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Hydrogen Embrittlement after Chromium Plating

Dear Sir,

My name is Cristiano, I live in Brasil and I would appreciate if you could provide me with info to clear out some doubts:

Regarding Baking Process after Chromium Plating on Metal Alloys to release Hydrogen I have some questions:

What is the effect of time variation between the end of the plating process and the beginning of the bake cycle, as regards the hydrogen release ? An increase in this time would compromisse the hydrogen removal and would make the metal or part prone to Hydrogen Embrittlement failure ?

How would that affect a Cr-Mo-V (Chromium Molibidenium Vanadium Steel Alloy) ?

Best Regards.

Jose Pereira
Student - Rio de Janeiro, Brasil

Hydrogen gets in the crevices of the grain boundaries of the metal in the etching process and some in inefficient plating processes like chrome. After the chrome layer is established, virtually no more hydrogen gets into the metal. The hydrogen permeates the metal in these grain boundaries over time weakening the metal. Baking expands the gas and forces it out in the very tiny pores in the plate. The thicker the plate, the harder it is to get the hydrogen out. The higher the temp, the faster it is removed. Limits are many metals further soften or anneal or temper above 400F. The longer the part is baked, the more hydrogen is removed. The longer you wait to bake the part after plate, the deaper the hydrogen has gone and the harder it is to get it out as well as it has allready damaged the part some.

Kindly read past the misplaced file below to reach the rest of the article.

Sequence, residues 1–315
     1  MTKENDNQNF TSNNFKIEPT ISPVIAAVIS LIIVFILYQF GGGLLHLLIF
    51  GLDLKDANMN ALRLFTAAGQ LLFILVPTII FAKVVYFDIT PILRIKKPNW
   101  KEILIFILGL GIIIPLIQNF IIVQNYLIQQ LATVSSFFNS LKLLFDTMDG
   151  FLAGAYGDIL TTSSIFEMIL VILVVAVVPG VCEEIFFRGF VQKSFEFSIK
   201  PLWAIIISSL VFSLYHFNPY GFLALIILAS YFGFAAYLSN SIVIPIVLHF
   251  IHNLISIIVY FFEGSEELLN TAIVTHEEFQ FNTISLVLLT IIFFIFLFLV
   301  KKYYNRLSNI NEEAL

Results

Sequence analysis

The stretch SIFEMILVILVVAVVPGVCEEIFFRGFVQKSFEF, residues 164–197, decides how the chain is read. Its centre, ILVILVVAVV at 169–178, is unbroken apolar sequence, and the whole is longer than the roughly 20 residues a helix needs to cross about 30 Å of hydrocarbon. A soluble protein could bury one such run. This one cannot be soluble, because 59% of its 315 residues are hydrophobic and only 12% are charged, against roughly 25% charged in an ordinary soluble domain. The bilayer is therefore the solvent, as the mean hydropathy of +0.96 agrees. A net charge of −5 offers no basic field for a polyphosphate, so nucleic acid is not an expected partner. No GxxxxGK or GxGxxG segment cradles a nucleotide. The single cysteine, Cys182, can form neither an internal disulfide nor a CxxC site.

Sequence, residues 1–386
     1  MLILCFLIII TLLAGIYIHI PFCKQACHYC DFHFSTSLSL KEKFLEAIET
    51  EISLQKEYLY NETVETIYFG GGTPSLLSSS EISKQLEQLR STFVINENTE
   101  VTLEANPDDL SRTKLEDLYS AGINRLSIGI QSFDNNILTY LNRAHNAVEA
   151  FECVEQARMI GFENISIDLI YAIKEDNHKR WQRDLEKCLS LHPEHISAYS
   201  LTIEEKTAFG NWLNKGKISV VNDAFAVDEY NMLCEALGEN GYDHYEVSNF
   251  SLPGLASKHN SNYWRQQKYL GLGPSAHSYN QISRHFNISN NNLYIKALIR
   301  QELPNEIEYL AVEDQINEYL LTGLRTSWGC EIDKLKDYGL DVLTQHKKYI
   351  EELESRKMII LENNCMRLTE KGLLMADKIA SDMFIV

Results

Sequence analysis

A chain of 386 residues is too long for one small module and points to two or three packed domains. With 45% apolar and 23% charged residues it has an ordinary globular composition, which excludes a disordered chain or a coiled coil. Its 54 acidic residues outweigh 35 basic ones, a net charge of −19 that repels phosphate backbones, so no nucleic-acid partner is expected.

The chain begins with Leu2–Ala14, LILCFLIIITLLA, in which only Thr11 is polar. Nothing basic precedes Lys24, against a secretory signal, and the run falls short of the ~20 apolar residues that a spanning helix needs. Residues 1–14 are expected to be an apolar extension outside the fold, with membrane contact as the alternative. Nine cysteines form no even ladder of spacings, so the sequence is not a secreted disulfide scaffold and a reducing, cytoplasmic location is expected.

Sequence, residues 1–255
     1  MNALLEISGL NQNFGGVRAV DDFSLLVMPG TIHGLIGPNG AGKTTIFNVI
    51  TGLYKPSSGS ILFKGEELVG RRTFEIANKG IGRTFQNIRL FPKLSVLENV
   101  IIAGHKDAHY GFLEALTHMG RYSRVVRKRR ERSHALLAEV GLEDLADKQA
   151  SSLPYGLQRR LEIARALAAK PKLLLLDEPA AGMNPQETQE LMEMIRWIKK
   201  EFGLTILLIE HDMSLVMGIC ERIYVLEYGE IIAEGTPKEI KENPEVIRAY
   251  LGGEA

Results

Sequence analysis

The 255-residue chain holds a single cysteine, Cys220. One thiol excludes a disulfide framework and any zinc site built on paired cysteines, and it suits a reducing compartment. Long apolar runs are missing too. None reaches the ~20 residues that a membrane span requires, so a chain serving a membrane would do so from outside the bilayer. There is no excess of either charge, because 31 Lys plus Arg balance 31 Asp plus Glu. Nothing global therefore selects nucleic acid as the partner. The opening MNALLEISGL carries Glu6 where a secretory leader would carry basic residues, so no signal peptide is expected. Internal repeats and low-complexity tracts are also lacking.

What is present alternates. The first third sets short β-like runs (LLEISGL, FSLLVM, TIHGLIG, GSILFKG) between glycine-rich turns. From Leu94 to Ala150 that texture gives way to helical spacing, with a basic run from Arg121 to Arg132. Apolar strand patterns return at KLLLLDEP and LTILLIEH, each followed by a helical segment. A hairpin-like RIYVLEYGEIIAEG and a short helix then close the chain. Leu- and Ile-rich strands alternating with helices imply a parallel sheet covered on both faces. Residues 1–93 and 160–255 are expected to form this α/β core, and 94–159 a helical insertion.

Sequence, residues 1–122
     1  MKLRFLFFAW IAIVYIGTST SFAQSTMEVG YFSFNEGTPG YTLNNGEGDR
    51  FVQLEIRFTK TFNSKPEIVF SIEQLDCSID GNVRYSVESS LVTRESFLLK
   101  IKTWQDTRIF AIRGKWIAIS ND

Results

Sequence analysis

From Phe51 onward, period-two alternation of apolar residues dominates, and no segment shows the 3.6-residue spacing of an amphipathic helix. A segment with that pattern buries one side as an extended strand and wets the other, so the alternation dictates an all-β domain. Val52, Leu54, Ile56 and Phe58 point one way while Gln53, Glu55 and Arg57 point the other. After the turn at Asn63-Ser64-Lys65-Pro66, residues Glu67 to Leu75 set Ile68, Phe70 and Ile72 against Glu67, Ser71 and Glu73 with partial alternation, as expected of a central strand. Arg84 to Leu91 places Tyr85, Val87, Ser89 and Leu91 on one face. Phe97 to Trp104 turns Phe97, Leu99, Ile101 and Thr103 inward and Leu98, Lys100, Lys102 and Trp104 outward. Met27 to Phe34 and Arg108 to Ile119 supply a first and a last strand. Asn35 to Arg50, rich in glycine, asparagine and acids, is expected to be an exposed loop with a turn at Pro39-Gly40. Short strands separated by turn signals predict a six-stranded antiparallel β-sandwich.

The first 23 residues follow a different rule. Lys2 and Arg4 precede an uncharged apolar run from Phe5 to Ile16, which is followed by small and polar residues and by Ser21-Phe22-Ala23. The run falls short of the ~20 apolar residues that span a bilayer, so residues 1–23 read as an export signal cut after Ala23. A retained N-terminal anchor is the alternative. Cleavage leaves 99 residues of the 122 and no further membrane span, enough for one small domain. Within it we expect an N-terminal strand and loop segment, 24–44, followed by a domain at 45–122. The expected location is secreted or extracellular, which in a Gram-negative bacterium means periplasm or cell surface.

The harder the part metal is, the more effect hydrogen embrittlement is. It has virtually no effec on cold rolled steel, but is a killer on fully hardened 4140 steel.

Small amounts of alloy metals have virtually no effect on hydrogen embrittlement.

James Watts
- Navarre, Florida

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